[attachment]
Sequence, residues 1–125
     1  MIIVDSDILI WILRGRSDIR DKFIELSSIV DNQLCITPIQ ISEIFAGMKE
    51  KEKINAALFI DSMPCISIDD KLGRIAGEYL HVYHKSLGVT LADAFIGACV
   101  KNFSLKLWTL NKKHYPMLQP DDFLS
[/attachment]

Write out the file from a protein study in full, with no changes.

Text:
Sequence, residues 1–125
     1  MIIVDSDILI WILRGRSDIR DKFIELSSIV DNQLCITPIQ ISEIFAGMKE
    51  KEKINAALFI DSMPCISIDD KLGRIAGEYL HVYHKSLGVT LADAFIGACV
   101  KNFSLKLWTL NKKHYPMLQP DDFLS